Infographics for Writing Courses

Traci Gardner, Department of English, Virginia Tech

How Portfolio Feedback Works

How Project Portfolio Feedback WorksThis course is set up so that you are not punished for making mistakes as long as you work to improve throughout the term. You can take risks, and if they don’t work out, you simply revise the project, with no penalty.

In this system, you can loop through the revision process multiple times before your Project Portfolio is accepted. Here’s how that process works:

  1. You upload and submit your project portfolio in Canvas.
  2. I check your project for completion, after the end of the grace period has passed. First, I look at the document you have submitted. If any of the required projects is missing or something is wrong with the file, I mark the portfolio as “Incomplete” in Canvas and return it for revision (more on that below). If everything is included, I move on to the next step.
  3. I examine your project portfolio for document design. I check the appearance of the projects in your portfolio. I consider their first impression, looking for a professional appearance that fits the expectations of the kind of writing. If the document design needs more work, I mark the portfolio as “Incomplete” in Canvas and return it for revision (more below). If the project’s document design is good, I move on to the next step.
  4. I read the projects in your portfolio, comparing the contents to the criteria listed in the rubric. If anything needs more work, I mark the portfolio as “Incomplete” in Canvas and return it for revision (more below). If all aspects of the portfolio meet the criteria in the rubric, I move on to the next step.
  5. I mark your project as “Complete” in Canvas. You receive full credit for the work. Remember that you always receive either full credit or no credit.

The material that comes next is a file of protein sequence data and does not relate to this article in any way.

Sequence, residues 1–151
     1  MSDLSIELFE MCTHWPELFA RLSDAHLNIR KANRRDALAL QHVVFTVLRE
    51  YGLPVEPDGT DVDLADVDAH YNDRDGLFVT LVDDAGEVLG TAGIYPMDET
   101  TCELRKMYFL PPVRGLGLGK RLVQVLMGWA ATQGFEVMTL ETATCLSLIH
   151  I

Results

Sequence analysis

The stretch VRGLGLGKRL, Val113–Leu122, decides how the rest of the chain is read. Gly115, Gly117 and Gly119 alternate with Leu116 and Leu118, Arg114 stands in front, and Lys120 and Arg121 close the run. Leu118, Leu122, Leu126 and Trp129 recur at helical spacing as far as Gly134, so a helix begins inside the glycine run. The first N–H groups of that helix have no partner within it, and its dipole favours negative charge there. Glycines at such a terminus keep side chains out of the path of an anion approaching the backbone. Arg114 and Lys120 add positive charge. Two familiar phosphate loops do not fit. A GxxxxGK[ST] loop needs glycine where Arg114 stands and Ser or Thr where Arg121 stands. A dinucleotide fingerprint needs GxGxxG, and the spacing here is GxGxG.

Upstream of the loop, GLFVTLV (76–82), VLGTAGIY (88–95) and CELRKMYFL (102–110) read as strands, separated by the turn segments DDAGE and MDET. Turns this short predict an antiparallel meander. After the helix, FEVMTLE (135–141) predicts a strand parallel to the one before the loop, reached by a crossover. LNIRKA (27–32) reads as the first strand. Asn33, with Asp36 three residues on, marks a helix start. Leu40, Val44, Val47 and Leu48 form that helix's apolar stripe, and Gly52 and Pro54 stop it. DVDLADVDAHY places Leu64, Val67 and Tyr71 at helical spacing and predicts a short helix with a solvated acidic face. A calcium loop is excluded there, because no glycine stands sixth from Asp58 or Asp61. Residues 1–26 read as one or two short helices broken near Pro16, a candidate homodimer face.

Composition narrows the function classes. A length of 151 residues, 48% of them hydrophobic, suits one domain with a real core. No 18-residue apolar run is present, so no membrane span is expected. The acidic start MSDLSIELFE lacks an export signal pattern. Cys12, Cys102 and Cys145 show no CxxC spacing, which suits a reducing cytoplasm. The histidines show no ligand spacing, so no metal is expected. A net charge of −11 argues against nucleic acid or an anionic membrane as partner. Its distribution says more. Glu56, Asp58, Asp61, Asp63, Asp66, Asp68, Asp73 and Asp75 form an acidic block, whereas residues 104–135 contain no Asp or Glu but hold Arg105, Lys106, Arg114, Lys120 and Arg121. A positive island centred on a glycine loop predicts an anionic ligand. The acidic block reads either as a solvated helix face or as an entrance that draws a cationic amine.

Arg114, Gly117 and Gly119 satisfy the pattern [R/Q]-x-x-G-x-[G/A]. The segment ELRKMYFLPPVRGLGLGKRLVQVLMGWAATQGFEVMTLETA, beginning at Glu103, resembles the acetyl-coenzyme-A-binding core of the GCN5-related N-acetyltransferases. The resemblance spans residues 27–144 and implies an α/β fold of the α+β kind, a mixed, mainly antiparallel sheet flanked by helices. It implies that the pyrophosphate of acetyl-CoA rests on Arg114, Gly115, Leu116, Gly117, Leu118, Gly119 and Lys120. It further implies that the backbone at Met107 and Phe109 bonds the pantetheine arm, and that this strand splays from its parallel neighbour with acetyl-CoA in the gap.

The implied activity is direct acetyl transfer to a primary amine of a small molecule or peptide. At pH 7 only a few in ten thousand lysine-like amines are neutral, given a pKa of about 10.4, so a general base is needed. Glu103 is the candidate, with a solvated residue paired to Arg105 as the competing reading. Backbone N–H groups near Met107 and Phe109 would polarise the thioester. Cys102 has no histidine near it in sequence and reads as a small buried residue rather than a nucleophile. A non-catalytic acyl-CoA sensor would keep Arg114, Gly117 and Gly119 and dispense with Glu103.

Revision Process

Whenever I return your portfolio for revision, I will include feedback, which may be embedded in the project, included as a summary comment, or both.

The revision process that I expect is similar to the process that takes place before you submit your portfolio. The difference is that you have feedback from me to take into consideration. Here’s what you’ll do, once I return your work with feedback:

  1. Use my feedback to revise your work. Occasionally, you may only need to make some simple corrections. It’s more likely that you will need to rethink one or more projects in the portfolio, add or rearrange information, or restructure one or more projects in the portfolio completely.
  2. Ask your writing group for feedback. Tell your group about my comments, and ask them to provide feedback on how well you have responded to my comments. Ask them if they have additional comments as well.
  3. Incorporate everyone’s advice in your revision. Use the information that your writing group has given you to polish your the projects in your portfolio further.
  4. Proofread for spelling and grammar errors. Use your spellchecker to make sure there are no typos or simple errors. Read through the document as well to make sure you find errors that the automated spellchecker misses.
  5. Submit your revision, and the feedback process begins again.

 

Credits: Infographic was created on canva.com. Icons are all from The Noun Project, used under a CC-BY 3.0 license: Checklist by cathy moser, Blog by Ewe Jin Tee, coding by Gregor Cresnar from the Noun Project, accept by AlePio from the Noun Project, Research by Andrew Nolte